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grammar, writing, reading, and other good discipline, meet and convenient for them, for the honour of God.” Now, my friends and neighbours, much as we must admire the zeal and activity which have of late years been shewn in the teaching of youth, I will candidly ask those among you, who have had sufficient opportunities to observe, whether the instruction given in many schools is, in fact, meet and convenient ? In the building about to be erected here, I have not the smallest reason for dreading that it will be otherwise. But I speak in the hearing of persons who may be active in the management of schools elsewhere; and they will excuse me for saying, that many are conducted at present so as to afford melancholy proof that the instruction is neither meet nor convenient for the pupils there taught, nor, indeed, for the human mind in any rank or condition of society. I am not going to say that religious instruction, the most important of all, is neglected ; far from it; but I affirm, that it is too often given with reference, less to the affections, to the imagination, and to the practical duties, than to subtile distinctions in points of doctrine, and to facts in scripture history, of which a knowledge may be brought oụt by a catechetical process. This error, great though it be, ought to be looked at with indulgence, because it is a tempting thing for teachers ụnduly to exercise the understanding and memory, inasmuch as progress in the departments in which these faculties are employed is most obviously proved to the teacher himself, and most flatteringly exhibited to the inspectors of schools and casual lookers on. A still more lamentable error, which proceeds much from the same cause, is an overstrained application to mental processes of arithmetic and mathematics; and a too minute attention to departments of natural and civil history. How much of trick may mix with this we will not ask, but the display of precocious intellectual power in these branches, is often astonishing; and, in proportion as it is so, may, for the most part, be pronounced not only useless, but injurious. The training that fits a boxer for victory in the ring, gives him strength that cannot, and is not required to be kept up for ordinary labour, and often lays the foundation of subsequent weakness and fatal disease. In like manner there being in after life no call for these extraordinary powers of mind, and little use for the knowledge, the powers decay, and the knowledge within drops off. Here is then not only a positive injury, but a loss of opportunities for culture of intellect and acquiring information, which, as being in a course of regular demand, would be hereafter, the one strengthened and the other naturally increased. All this mischief, my friends, originates in a decay of that feeling which our fathers had uppermost in their hearts-viz., that the business of education should be conducted for the honour of God. And here I must direct your at. tention to a fundamental mistake, by which this age, so distinguished for its marvellous progress in arts and sciences, is unhappily characterized-a mistake, manifested in the use of the word education, which is habitually confounded with tuition or school instruction; this is indeed a very important part of education, but when it is taken for the whole, we are deceived and betrayed. Education, according to the derivation of the word, and in the only use of which it is strictly justifiable, comprehends all those processes and influences, come from whence they may, that conduce to the best development of the bodily powers, and of the moral, intellectual, and spiritual faculties which the position of the individual admits of. In this just and high sense of the word, the education of a sincere Christian, and a good member of society upon Christian principles, does not terminate with his youth, but goes on to the last moment of his conscious earthly existence-an education not for time but for eternity. To education like this, is indispensably necessary, as co-operating with schoolmasters and ministers of the Gospel, the neverceasing vigilance of parents; not so much exercised in superadding their pains to that of the schoolmaster or minister in teaching lessons or catechisms, or by enforcing maxims or precepts (though this part of their duty ought to be habitually kept in mind), but by care over their own conduct. It is through the silent operation of example in their own well-regulated behaviour, and by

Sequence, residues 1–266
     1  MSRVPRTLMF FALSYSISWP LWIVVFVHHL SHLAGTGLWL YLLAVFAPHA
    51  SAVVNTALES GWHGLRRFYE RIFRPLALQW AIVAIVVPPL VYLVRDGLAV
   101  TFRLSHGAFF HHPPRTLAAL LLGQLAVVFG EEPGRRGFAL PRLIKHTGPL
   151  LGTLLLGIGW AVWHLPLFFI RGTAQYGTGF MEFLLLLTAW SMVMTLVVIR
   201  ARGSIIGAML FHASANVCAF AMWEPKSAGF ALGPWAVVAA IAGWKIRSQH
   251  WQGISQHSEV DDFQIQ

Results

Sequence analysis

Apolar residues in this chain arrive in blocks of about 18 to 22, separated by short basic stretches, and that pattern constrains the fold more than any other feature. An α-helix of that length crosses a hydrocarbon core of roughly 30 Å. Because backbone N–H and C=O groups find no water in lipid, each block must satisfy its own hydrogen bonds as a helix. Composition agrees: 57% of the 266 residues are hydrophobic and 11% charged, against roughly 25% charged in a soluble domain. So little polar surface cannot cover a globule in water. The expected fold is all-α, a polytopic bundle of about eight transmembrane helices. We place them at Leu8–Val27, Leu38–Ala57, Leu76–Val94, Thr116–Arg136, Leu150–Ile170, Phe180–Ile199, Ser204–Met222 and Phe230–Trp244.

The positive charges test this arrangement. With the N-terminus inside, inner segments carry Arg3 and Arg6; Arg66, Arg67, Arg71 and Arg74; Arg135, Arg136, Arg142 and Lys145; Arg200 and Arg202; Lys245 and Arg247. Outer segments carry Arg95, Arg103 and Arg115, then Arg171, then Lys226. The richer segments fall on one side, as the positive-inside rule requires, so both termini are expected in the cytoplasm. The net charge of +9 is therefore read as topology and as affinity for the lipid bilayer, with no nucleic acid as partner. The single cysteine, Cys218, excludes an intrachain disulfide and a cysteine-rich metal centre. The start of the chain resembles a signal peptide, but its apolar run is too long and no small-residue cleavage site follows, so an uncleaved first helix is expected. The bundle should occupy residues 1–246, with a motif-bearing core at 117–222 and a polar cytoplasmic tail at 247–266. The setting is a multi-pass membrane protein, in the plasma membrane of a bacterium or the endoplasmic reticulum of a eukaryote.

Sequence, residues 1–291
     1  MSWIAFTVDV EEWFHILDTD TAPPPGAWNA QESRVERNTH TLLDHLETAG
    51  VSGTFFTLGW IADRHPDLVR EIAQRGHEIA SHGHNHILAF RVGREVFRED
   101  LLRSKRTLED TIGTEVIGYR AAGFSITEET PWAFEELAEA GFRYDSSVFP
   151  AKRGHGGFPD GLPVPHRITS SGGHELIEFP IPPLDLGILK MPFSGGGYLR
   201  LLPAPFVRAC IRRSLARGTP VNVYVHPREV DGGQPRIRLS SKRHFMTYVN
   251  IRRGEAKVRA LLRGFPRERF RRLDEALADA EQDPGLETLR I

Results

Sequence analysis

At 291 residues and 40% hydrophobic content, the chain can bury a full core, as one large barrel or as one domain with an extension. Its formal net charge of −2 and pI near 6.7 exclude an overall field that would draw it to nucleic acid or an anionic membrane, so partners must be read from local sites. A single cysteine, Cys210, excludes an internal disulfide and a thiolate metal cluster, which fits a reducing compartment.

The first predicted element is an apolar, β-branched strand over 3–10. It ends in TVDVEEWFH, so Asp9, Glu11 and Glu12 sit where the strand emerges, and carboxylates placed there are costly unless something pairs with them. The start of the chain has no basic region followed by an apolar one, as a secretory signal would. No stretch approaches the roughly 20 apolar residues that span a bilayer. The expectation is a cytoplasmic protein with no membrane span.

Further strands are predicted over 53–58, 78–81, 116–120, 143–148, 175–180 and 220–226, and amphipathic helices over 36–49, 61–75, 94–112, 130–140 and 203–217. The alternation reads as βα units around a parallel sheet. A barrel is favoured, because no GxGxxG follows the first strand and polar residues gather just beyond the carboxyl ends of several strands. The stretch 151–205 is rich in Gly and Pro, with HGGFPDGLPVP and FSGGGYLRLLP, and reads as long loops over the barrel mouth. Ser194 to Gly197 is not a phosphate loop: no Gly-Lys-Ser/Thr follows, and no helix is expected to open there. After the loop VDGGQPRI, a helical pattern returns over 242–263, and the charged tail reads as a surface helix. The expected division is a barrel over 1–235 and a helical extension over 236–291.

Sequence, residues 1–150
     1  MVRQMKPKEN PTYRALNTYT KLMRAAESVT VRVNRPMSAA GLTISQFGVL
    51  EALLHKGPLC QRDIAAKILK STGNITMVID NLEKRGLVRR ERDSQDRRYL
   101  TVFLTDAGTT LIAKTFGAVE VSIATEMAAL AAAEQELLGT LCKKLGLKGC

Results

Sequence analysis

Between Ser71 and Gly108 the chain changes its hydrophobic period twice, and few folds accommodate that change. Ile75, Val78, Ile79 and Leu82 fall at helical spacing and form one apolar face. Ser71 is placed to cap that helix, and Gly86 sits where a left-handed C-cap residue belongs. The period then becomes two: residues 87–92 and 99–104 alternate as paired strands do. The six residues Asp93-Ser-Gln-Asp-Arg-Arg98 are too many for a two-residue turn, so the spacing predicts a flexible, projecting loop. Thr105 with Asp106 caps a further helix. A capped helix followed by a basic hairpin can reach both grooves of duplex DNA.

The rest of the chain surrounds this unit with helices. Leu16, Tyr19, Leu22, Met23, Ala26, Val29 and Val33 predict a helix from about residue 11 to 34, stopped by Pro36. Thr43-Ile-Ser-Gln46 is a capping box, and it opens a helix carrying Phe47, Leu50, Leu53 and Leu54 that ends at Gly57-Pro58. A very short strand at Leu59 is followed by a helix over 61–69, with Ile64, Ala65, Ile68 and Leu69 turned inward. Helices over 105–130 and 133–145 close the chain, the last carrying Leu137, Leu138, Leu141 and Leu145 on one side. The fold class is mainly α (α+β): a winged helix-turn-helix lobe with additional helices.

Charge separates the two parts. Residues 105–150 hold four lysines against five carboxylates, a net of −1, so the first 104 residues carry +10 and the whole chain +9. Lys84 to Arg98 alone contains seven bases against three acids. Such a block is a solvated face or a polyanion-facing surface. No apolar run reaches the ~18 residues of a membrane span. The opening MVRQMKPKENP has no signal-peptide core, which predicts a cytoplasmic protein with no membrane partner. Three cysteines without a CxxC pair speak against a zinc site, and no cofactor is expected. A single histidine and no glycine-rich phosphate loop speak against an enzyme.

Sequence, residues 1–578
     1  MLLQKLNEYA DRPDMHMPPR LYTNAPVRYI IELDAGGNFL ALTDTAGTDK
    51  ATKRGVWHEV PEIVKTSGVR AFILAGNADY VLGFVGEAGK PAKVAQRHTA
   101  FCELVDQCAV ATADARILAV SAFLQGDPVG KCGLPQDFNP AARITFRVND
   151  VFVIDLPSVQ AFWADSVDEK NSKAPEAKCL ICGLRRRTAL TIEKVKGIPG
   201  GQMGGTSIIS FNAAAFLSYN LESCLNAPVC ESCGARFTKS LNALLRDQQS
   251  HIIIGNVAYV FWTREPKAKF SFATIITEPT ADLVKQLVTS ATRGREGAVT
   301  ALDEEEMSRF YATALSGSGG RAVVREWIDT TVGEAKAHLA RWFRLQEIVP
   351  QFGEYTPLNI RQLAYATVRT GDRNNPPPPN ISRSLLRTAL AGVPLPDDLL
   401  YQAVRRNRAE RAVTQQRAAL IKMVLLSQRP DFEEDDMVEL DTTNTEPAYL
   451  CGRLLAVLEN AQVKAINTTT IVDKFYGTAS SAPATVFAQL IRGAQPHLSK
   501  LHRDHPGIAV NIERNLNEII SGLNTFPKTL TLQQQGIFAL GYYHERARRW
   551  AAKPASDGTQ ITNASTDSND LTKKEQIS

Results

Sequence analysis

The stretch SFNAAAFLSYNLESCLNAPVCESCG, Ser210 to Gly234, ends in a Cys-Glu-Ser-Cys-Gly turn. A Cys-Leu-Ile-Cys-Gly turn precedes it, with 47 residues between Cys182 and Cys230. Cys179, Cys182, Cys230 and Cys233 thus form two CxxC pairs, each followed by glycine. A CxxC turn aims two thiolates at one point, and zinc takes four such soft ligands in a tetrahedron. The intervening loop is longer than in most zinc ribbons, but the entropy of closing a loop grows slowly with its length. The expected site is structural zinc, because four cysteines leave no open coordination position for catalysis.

accustoming their children early to the discipline of daily and hourly life, in such offices and employment as the situation of the family requires, and as are suitable to tender years, that parents become infinitely the most important tutors of their children, without appearing, or positively meaning to be so. This education of circumstances has happily, in this district, not yet been much infringed upon by experimental novelties ; parents here are anxious to send their offspring to those schools where knowledge substantially useful is inculcated, and those arts most carefully taught for which in after-life there will be most need. This is especially true of the judgments of parents respecting the instruction of their daughters, which I know they would wish to be confined to reading, writing, and arithmetic, and plain 'needlework, or any other art favourable to economy and home-comforts. Their shrewd sense perceives that hands full of employment, and a head not above it, afford the best protection against restlessness and discontent, and all the perilous temptations to which, through them, youthful females are exposed. It is related of Burns, the celebrated Scottish poet, that once while, in the company of a friend, he was looking from an eminence over a wide tract of country, he said, that the sight of so many smoking cottages gave a pleasure to his mind that none could understand who had not witnessed, like himself, the happiness and worth which they contained. How were those happy and worthy people educated ? By the influence of hereditary good example at home, and by their parochial schoolmasters opening the way for the admonitions and exhortations of their clergy; that was a time when knowledge was perhaps better than now distinguished from smatterings of information, and when knowledge was more thought of in due subordination to wisdom. How was the evening before the Sabbath then spent by the families among which the poet was brought up? He has himself told us in imperishable verse. The Bible was brought forth, and after the father of the family had reverently laid aside his bonnet, passages of Scripture were read, and the poet thus describes what followed :